Renewable energy tariffs in Andhra need adjustment but changing prices can be risky

The renegotiation of renewable energy power purchase agreements may sink the bustling green power industry in India

By Shweta Miriam Koshy
Published: Friday 02 August 2019
The Andhra Pradesh government says the solar and wind energy tariffs the last government agreed upon are not competitive. Photo: Getty Images

The Andhra Pradesh government recently asked for a revision of tariffs of wind and solar power. It encouraged Andhra Pradesh South Power Distribution Co Ltd (APSDCL) to renegotiate agreements to purchase and sale power signed by the previous government.

Such renegotiation of renewable energy power purchase agreements (PPA) set a terrible precedent and could sink the bustling Indian renewable energy industry.

However, an official at the Andhra chief minister’s office said: “It is the duty of any new government to re-evaluate the energy sector and ensure its viability.”

In case of renewable energy procurement, financially weak distribution companies (Discoms) have been known to default on payments. This has been a cause for concern since they add significant risk to investments in the sector.

The state said the tariffs the last government agreed upon are not competitive and the unfair advantage given to the power generators increased the financial distress on the discom.

On July 1, 2019, the YS Jaganmohan Reddy government released an order “to review and renegotiate exorbitantly priced wind and solar projects”.

The projects under audit are at various stages of construction and commissioning: Three solar PPAs with National Thermal Power Corporation (NTPC) and Solar Energy Corporation of India Ltd (SECI) and another 21 wind power sale agreements (PSA) with Suzlon and Axis.

More than 5.6 gigawatt of installed RE capacity (1.75 GW solar and 3.9 GW wind) could be at stake, said a source close to the issue.

The solar projects were procured under the auction regime and the tariffs vary from Rs 2.72/units to Rs 3.15/unit. The wind projects were procured under the earlier FiT mechanism and FiTs were as high as Rs 4.83/unit.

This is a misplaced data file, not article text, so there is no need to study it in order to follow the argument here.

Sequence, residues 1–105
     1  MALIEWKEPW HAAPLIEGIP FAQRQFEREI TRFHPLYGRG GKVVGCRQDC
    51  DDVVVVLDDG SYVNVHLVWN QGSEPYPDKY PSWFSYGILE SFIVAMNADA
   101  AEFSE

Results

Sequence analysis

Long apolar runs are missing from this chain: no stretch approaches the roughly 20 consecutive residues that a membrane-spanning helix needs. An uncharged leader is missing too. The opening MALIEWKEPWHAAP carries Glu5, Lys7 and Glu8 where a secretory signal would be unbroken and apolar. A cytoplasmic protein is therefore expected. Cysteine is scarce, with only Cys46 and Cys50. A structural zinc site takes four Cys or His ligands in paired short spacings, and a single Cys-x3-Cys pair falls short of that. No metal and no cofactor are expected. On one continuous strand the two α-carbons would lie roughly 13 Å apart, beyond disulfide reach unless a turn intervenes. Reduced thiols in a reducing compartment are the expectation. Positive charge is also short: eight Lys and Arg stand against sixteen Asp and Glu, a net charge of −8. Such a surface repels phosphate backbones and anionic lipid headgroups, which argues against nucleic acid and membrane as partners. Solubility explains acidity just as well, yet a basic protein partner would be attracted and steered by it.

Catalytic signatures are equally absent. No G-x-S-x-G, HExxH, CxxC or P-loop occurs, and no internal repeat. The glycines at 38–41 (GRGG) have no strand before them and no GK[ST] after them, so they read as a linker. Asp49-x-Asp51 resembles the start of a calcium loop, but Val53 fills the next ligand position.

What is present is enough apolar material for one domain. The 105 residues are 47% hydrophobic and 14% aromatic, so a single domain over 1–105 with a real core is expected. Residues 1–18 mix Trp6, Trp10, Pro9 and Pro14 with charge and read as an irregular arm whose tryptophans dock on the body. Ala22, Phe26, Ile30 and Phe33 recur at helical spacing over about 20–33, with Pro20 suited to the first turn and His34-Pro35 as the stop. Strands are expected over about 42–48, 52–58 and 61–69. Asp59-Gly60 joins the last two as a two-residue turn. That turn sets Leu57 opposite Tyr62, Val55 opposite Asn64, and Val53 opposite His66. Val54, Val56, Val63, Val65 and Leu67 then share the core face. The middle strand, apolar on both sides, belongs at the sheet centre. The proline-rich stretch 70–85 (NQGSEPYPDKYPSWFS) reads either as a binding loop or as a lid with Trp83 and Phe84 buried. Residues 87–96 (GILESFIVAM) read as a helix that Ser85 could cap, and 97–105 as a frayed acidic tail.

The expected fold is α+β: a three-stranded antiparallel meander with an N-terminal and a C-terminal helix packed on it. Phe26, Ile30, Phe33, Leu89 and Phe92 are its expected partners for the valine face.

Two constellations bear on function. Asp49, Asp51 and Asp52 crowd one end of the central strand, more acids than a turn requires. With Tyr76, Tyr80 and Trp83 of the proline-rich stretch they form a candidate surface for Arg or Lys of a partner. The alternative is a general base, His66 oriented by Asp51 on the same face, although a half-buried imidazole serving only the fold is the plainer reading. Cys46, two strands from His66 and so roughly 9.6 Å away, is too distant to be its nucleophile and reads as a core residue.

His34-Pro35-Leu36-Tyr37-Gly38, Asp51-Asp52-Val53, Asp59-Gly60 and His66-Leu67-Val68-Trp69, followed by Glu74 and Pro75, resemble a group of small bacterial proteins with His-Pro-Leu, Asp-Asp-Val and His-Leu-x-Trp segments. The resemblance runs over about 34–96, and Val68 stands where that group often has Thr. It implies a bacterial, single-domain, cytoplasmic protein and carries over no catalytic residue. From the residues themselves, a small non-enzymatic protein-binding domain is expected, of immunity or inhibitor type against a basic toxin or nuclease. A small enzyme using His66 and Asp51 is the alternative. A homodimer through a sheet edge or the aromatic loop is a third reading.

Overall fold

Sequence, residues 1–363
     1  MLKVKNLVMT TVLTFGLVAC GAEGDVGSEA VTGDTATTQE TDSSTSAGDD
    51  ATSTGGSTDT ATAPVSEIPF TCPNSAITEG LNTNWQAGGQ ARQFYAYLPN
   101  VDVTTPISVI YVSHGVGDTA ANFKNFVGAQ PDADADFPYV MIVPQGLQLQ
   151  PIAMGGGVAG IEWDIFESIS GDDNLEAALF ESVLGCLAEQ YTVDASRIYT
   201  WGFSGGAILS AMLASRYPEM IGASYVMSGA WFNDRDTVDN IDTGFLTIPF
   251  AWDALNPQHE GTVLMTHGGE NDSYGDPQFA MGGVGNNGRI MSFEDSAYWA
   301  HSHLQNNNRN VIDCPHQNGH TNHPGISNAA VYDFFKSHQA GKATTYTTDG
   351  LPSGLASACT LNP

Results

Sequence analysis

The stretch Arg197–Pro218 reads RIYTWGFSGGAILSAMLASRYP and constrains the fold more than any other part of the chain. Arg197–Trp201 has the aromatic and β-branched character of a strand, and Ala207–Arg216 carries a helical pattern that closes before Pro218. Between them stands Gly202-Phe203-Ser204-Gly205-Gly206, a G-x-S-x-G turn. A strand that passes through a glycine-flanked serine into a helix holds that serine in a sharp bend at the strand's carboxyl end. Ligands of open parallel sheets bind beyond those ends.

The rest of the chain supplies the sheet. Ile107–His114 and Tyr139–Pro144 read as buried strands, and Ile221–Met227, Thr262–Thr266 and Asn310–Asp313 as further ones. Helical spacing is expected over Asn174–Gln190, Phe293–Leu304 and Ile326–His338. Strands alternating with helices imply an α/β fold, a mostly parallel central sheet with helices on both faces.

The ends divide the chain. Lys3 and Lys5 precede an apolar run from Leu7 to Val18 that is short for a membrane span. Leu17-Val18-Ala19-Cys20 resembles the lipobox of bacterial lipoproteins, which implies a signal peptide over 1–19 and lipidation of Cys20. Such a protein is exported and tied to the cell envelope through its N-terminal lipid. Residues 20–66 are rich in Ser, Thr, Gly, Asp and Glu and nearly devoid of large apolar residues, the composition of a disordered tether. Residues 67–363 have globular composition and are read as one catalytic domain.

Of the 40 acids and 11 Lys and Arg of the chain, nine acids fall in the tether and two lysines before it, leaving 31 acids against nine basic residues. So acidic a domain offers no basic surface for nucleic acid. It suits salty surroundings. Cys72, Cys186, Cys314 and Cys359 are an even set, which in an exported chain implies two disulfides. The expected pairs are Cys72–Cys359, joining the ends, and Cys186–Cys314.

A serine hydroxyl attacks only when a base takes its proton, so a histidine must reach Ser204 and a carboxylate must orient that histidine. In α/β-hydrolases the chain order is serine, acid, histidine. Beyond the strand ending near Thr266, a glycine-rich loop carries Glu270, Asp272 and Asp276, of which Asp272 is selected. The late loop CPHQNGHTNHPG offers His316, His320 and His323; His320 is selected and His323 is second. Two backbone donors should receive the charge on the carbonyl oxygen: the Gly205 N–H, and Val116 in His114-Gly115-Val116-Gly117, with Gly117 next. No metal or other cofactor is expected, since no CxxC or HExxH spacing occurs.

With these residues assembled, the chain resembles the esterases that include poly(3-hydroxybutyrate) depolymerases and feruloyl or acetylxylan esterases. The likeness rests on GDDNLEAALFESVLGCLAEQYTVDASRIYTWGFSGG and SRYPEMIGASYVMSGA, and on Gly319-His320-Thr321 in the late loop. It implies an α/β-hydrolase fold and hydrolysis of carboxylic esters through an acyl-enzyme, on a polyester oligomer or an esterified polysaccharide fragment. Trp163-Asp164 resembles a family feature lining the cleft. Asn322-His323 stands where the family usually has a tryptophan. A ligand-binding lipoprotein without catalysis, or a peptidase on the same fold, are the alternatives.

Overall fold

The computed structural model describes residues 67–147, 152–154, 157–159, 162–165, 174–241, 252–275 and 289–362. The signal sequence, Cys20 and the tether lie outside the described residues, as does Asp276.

These projects were awaiting approval from the Andhra Pradesh Electricity Regulatory Commission (APERC) and can, according to the July 1, 2019 order, be closed without penalty.

Under the auctioning regime, SECI and NTPC are vital intermediaries who help protect developers from the off-taker risk posed by the doiscoms. According to conditions in the PSA, SECI/NTPC have the option to take legal action if the matter persists.

So, representatives from Suzlon and Axis Energy Ventures India Private Limited are at the negotiating table hoping that the suggested tariffs do not leave them counting their change.

Reactionary petitions were raised in front of APERC on July 22, 2019 (solar energy) and then again on July 27 (wind energy). The proceedings have been stayed for the petitioners to gather evidence to prove their case.

The July 1 order ordered for a high-level negotiation committee to release a comprehensive report on the issue in 45 days. The scope of the study was extended to “projects completed or in progress and agreements in pipeline or in bidding process”.

The findings of the committee will be essential to establish if there was merit in the steps the state took.

Meddling with existing PPAs will negatively impact any project’s viability, but it is the impact on the industry that is the most worrying.  

Industry stakeholders are worried that this could soon mushroom into a situation where the industry loses out on investors and the taxpayers are required to bail out SECI. There are rumours that Andhra Pradesh could be looking at as many as 88 PPAs, a little more than half of all renewable energy PPAs in the state.

But it is clear that tariffs need to be adjusted every now and then to reflect market costs and the likes. This is done both by the central and state electricity regulatory commission every couple of years. The auctions were introduced to ensure that the tariffs reflected current market sentiments.

Also, the current system is the best way forward. The problem, however, is going back on PPAs (and their conditions including tariffs) which impact the project financials. More importantly, it scares away the investors who cannot rely on states honouring their PPAs and making their payments, which affects the company balance sheet.

The Ministry of New and Renewable Energy (MNRE) is calling for quashing any claims for renegotiation. Industry stakeholders too are hoping that the sanctity of the PPA is established and any simmering distrust among investors assuaged. However, we must all wait till the committee releases its recommendations and the state decides on how to move forward.

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